Thursday, February 12, 2009
Salmon an aphrodisiac
Salmon is the common name for several species of fish of the family Salmonidae. Several other fish in the family are called trout. Salmon live in both Atlantic and Pacific Oceans, as well as the Great Lakes and other land locked lakes.
Typically, salmon are anadromous: they are born in fresh water, migrate to the ocean, then return to fresh water to reproduce. Folklore has it that the fish return to the exact spot where they were born to spawn; research indicates that at least 90% of the fish that spawn in a particular stream were born there. In Alaska, the crossing-over to other streams allows salmon to populate new streams, such as those that emerge as a glacier retreats. The precise method salmon use to navigate has not been entirely established, though their keen sense of smell is involved. In all species of Pacific salmon, the mature individuals die within a few days or weeks of spawning, a trait known as semelparity. However, even in those species of salmon that may survive to spawn more than once (iteroparity), post-spawning mortality is quite high (perhaps as high as 40 to 50 %.) Those species average about two or, perhaps, three spawning events per individual.
Salmon are incredible fish traveling thousands of miles throughout their life cycle and within two to five years returning to the very location where they were born to spawn and die. The specific characteristics and life cycles of salmon vary with each species. Their flesh ranges in color from pink to red to orange with some varieties richer in important omega 3 fatty acids than others.
Salmon is a popular food. Consuming salmon is considered to be reasonably healthy due to the fish's high protein and low fat levels and to its high Omega-3 fatty acids content. Salmon is also a source of cholesterol, ranging 23 - 214 mg/100g depending on the species. According to reports in the journal Science, however, farmed salmon may contain high levels of dioxins. PCB (polychlorinated biphenyl) levels may be up to eight times higher in farmed salmon than in wild salmon. Omega-3 content may also be lower than in wild caught individuals, and in a different proportion to what is found naturally. Omega 3 comes in three types, ALA, DHA and EPA, and it is DHA and EPA (important for brain function and brain structure, amongst other things) which traditionally wild salmon has been an important source of. This means that if the farmed salmon is fed on a meal which is partially grain then the amount of Omega 3 it contains will be present as ALA (Linoleic acid). The body can itself convert ALA Omega 3 into DHA and EPA, but at a very inefficient rate (2-15%). Nonetheless, according to a 2006 study published in the Journal of the American Medical Association, the benefits of eating even farmed salmon still outweigh any risks imposed by contaminants. Type of Omega 3 present may not be a factor for other important health functions.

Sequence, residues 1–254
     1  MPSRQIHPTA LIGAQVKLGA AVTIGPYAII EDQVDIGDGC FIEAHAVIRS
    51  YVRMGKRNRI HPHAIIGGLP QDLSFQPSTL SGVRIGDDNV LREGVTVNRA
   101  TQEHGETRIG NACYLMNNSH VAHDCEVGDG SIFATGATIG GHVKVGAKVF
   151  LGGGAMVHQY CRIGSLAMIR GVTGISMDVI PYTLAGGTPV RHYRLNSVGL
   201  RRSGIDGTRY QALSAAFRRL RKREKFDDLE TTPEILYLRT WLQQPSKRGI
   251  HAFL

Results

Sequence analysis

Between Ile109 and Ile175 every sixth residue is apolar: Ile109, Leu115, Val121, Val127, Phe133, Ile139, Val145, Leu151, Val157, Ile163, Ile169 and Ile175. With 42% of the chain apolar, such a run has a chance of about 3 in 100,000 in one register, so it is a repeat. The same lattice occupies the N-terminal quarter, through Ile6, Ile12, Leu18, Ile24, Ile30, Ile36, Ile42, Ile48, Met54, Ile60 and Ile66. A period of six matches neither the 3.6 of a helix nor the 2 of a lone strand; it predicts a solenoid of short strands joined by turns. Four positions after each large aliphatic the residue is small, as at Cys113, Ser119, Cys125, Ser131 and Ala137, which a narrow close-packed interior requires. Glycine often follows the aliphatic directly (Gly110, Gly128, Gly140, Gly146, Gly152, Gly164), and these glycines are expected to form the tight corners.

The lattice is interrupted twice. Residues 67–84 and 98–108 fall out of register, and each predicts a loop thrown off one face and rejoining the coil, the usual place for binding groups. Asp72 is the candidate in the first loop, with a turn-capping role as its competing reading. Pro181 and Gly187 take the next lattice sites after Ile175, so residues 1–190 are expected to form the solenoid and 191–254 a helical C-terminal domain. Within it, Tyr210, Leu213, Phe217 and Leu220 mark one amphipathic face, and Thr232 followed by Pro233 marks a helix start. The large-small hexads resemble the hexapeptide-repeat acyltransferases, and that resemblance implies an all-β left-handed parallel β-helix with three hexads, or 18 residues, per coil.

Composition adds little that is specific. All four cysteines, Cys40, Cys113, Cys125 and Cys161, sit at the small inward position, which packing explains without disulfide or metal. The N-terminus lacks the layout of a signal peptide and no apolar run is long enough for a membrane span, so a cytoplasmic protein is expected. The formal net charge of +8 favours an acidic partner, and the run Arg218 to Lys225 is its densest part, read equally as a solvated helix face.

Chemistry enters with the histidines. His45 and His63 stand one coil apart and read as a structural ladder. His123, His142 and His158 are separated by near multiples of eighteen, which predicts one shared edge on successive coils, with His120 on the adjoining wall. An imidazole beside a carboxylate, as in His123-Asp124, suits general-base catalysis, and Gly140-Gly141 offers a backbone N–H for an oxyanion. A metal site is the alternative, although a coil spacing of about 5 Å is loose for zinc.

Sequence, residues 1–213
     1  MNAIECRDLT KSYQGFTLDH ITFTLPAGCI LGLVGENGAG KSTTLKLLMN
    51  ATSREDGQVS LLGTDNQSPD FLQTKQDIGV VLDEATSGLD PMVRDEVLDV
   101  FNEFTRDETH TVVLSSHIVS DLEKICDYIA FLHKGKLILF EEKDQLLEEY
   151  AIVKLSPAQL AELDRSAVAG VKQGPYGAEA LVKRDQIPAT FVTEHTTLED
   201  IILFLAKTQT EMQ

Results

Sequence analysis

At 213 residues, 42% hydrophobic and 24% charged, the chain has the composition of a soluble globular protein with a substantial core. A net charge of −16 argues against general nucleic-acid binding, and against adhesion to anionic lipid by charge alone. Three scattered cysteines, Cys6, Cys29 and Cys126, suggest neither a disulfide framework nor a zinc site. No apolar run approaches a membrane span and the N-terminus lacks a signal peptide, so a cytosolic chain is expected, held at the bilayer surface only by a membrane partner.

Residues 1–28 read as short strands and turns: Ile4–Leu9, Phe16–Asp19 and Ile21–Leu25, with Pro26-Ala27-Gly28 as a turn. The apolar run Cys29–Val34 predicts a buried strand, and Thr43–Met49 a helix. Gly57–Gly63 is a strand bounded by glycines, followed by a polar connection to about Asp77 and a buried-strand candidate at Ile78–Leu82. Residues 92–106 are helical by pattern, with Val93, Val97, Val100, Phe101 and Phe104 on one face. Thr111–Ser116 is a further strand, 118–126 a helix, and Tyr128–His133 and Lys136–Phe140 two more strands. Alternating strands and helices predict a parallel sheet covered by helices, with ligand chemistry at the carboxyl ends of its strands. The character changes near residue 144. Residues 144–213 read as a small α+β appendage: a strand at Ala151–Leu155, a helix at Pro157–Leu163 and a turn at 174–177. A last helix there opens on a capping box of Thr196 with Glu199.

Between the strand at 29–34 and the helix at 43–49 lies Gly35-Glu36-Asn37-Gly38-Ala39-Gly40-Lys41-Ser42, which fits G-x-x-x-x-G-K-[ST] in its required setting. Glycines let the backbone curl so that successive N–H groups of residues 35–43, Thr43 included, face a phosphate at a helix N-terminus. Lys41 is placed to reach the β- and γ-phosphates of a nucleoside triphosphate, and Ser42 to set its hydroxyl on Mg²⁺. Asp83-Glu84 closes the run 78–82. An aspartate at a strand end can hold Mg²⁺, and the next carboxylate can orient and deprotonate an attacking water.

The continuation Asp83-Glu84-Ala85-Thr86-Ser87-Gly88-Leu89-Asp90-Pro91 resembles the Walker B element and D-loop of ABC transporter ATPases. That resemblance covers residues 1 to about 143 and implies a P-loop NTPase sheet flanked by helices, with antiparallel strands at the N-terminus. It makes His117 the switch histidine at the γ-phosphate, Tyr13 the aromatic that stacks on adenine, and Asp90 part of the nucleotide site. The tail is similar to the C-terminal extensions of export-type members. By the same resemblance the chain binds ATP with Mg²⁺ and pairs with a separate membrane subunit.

Salmon, especially the expensive ones, are rich, deeply flavorful fish that stimulates the appetite. It has been underrated yet equally as stirring as strawberries, champagne, caviar and chocolate. Eating them is considered to be truly healthy which could possibly induce that aphrodisiac-like feeling after consumption. Anyways, be it an aphrodisiac or not, eating it will surely benefit you.